Remedial costs that have been advanced for probation need not be refunded if the conviction that led to the probation is vacated. The court concluded that because the purpose of probation is primarily rehabilitative, and because defendant could have benefited from the supervisory services she received and paid for, the trial court did not err in denying her motion for a refund of the probation supervision fee.
The full text of the case is here.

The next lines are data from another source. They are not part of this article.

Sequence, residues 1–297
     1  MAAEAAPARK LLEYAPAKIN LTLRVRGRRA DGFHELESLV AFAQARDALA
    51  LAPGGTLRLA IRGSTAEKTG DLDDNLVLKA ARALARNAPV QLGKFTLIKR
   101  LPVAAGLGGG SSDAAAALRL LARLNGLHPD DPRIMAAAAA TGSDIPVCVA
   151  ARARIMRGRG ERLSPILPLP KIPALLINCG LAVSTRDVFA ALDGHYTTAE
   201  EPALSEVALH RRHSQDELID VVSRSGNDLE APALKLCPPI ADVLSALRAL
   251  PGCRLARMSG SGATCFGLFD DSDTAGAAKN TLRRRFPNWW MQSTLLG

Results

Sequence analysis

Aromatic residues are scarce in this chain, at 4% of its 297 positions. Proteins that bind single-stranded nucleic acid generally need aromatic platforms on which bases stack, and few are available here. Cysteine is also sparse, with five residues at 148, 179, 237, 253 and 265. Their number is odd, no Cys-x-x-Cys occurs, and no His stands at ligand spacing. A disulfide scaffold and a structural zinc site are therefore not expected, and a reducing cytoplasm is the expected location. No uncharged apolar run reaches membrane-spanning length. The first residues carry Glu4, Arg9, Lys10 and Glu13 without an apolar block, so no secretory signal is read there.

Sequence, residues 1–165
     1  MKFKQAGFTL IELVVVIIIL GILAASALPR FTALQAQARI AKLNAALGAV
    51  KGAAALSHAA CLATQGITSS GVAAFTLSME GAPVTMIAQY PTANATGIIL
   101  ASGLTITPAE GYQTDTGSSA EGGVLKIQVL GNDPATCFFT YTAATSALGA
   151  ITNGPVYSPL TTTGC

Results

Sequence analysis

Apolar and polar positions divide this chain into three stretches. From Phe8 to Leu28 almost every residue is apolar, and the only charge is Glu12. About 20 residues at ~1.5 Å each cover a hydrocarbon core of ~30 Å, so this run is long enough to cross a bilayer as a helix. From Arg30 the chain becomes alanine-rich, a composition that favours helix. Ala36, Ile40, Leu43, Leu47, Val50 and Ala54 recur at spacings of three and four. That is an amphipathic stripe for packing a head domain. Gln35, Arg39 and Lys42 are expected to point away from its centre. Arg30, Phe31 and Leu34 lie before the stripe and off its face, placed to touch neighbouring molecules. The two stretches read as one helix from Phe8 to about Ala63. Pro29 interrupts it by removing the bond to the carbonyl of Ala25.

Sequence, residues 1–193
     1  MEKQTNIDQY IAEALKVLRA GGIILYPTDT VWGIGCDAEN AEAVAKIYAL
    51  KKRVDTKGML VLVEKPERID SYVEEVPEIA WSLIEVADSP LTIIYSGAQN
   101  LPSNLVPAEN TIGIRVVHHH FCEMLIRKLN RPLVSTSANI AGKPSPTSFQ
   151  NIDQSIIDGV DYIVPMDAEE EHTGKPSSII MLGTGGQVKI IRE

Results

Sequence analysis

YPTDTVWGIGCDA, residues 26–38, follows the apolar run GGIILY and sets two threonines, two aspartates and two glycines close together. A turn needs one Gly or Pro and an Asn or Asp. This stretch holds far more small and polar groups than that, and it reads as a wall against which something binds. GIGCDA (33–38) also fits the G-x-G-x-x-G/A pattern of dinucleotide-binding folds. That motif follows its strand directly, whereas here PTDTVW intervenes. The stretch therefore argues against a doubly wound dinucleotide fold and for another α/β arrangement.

I will agree with the Court of Appeals when I starting seeing people who are not facing criminal charges or similar threats of punishment voluntarily sign up to be supervised by a probation officer in exchange for $630. Imagine, we could have a new revenue stream for Colorado from all those voluntary probationers the Court of Appeals thinks are waiting in the wings.
Even this would really be too little. We should owe acquitted defendants not only the costs that they have incurred, but their attorneys fees, and I believe that a handful of states may actually have this rule.